St. Wilfrid's Roman Catholic Church

Toronto, Canada

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Tuesday, September 27, 2022


for Sunday, February 21, 2021

Lent begins this year with a reading from the Noah section of Genesis. If you wish to read the complete story in Genesis, you will find it from chapters six through nine. The Noah story begins with a notice of the depravity of the people. "When the Lord saw how great was man's wickedness on earth, and how no desire that his heart conceived was ever anything but evil, he regretted that he had made man on the earth, and his heart was grieved." Some translations use this phrase, "God was sickened by the sins of man." Many times we come upon some real low stuff, on TV, in the movies, on the web, and we use the phrase, "That disgusts me." All of us are sickened by sin. God was disgusted.

Even still, the goodness of one man, Noah, kept God from destroying mankind. He protected Noah's family and his creation from the flood. Mankind would eventual reach salvation through water, the water of baptism. Then at the end of the story, to demonstrate that he would never destroy man again, God sets his bow in the sky.

Now, when we modern people think of a rainbow, we think of the colors. The colors were not the focus of the ancient people. Their focus was on the bow itself. They saw the bow as God's bow and arrows. Remember, many of the ancients thought that storms and lightning were caused by various god's losing their temper with a human and throwing thunderbolts and lightning at them. The Greeks often depicted Zeus as hurling thunderbolts. In the Noah story, the ancient Hebrews considered God as not throwing thunderbolts, but shooting them with his bow and arrow. But, now, after the flood, God hangs up his bow. He is not going to use it again. He sets his bow in the sky. Think of hitting a nail into the side of a wooden cabin and hanging the bow there. The main point is that God will not give up on man. This is the covenant with Noah and us. God will not give up on us.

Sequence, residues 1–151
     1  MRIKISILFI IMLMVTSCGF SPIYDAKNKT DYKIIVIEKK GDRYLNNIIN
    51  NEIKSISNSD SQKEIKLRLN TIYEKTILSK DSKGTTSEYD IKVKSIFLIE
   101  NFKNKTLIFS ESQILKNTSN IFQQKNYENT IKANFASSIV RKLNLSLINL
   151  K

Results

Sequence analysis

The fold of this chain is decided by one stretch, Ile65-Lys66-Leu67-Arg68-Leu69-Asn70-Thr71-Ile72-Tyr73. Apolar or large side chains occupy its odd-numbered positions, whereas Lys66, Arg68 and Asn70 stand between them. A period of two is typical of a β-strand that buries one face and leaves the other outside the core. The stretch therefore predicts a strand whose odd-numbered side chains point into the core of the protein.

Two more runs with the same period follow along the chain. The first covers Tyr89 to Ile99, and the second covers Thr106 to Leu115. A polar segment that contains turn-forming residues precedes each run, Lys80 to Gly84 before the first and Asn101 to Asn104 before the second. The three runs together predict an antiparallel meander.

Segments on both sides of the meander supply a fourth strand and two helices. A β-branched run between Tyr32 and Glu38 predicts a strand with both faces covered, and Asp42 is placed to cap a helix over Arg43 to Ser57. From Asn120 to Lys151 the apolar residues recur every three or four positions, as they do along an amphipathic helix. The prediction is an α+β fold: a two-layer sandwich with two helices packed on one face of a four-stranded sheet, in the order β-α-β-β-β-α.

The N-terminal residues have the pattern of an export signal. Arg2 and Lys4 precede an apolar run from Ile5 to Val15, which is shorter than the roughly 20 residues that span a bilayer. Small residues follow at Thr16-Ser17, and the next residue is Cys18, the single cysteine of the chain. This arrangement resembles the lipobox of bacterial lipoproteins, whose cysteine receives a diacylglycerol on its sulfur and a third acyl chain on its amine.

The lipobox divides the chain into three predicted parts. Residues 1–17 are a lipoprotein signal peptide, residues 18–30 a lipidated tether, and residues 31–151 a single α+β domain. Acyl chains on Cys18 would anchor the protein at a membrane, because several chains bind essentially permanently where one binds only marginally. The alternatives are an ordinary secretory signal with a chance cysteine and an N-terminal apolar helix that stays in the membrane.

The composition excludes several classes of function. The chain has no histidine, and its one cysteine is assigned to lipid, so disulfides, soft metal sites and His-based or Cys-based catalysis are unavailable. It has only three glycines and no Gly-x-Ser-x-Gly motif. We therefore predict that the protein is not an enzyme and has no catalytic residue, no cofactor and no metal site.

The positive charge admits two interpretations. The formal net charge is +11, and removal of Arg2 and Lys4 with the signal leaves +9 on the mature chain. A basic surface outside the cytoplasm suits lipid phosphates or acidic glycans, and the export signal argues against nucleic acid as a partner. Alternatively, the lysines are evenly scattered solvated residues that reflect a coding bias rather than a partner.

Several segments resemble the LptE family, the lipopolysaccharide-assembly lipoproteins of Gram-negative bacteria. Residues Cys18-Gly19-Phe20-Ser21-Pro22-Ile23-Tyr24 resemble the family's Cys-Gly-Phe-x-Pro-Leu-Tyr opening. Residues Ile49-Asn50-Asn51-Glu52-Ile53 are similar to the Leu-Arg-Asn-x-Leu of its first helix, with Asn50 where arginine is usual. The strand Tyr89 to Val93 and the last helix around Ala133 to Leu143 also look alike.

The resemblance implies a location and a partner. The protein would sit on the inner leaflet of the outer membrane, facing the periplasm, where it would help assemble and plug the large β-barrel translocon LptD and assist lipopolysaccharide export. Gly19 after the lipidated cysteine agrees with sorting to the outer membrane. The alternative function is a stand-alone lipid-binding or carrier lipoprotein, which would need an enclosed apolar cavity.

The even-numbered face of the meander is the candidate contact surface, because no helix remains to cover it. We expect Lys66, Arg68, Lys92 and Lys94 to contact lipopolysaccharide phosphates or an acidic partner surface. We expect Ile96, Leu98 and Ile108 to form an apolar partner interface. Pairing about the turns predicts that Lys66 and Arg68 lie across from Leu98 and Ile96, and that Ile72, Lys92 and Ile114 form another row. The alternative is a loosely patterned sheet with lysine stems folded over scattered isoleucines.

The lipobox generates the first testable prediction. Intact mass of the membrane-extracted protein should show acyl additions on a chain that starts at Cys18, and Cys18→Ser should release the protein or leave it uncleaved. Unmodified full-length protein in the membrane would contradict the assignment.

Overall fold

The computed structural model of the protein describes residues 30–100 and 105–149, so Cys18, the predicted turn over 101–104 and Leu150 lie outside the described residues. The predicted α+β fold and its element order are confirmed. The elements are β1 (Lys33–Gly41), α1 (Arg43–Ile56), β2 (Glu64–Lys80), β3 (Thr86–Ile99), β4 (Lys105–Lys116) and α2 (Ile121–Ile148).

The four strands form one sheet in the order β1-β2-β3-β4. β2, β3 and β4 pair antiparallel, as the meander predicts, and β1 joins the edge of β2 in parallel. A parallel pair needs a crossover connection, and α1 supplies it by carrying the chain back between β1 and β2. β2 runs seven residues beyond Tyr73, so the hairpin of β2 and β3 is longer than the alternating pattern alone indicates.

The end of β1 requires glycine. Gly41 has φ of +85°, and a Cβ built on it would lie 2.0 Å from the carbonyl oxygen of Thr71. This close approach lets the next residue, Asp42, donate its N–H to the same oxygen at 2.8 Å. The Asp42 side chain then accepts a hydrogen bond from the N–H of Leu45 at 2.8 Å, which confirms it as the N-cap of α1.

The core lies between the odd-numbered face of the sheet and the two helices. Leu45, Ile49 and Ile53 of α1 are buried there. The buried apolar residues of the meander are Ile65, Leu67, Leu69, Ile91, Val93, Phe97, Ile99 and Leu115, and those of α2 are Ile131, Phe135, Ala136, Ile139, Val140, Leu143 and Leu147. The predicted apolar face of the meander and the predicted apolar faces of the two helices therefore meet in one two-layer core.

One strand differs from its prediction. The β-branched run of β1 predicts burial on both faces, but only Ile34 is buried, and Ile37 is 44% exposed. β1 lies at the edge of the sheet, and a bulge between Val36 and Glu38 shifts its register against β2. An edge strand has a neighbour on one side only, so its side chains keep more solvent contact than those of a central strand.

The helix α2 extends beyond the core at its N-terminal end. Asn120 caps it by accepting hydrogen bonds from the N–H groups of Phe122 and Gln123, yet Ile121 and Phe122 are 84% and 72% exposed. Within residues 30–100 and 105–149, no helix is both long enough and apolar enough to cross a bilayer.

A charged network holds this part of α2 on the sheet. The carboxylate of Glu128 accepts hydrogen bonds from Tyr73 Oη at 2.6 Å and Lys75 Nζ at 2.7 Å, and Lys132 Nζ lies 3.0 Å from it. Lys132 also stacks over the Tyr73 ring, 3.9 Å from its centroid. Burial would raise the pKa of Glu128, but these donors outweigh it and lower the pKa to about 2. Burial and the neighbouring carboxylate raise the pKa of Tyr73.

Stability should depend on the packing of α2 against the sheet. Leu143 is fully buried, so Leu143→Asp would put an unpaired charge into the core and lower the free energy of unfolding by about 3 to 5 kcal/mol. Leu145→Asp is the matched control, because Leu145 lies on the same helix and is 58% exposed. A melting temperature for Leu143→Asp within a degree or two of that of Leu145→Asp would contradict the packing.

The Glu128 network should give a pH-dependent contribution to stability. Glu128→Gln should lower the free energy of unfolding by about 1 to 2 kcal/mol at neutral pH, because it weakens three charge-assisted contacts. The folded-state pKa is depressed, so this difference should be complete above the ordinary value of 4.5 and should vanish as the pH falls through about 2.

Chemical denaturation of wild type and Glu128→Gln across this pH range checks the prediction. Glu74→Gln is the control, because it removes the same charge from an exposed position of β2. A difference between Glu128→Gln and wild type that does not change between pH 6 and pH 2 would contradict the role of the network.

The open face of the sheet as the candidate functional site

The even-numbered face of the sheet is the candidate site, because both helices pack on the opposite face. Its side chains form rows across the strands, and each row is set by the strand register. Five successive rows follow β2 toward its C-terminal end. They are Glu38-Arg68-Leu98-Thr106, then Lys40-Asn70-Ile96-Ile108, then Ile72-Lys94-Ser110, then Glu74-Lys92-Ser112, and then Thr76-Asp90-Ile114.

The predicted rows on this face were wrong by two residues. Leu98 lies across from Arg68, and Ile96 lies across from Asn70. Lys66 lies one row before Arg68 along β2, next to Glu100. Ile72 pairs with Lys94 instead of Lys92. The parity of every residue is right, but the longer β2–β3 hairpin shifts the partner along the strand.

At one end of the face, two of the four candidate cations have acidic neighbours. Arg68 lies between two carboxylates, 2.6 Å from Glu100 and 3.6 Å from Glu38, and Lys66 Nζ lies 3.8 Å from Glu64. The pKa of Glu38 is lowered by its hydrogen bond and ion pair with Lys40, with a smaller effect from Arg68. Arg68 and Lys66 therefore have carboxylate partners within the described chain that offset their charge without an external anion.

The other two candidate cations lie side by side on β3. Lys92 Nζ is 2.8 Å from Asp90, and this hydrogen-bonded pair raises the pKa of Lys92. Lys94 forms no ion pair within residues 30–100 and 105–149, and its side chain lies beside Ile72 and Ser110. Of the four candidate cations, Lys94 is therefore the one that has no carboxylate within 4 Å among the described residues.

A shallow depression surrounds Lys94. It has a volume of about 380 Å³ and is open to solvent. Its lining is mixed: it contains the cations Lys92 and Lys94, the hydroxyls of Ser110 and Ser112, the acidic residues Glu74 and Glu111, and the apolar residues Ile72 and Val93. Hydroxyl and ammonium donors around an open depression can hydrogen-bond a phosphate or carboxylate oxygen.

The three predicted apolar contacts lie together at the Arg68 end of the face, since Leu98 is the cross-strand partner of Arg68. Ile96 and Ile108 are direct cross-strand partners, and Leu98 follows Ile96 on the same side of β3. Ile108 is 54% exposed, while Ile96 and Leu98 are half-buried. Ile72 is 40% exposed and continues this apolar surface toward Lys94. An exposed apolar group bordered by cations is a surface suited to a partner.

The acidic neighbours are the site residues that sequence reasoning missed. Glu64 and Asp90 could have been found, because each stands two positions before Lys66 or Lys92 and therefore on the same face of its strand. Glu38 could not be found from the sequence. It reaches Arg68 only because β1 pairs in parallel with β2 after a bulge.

And we can't give up on ourselves. That is the real problem: very often we give up on ourselves. We have fallen in the past, and we convince ourselves that we do not have the power to fight off sin when temptation shows up. There is a pop psychology that says, basically, we do not have to take responsibility for our actions. So, a person says, "I may do this action which itself is evil, but my action is a result of forces beyond my control, rooted in my background, or in my genes. I do not have to take responsibility for my actions. Therefore I don't have to put up the fight to avoid the sin I'm tempted to commit." Closely aligned to this way of thinking is the concept that since we don't have to take responsibility for our actions, then forgiving ourselves is all that is necessary when we have done something wrong. We have to forgive ourselves, true, but we have to take responsibility for what we do and seek forgiveness from others and, ultimately, from God.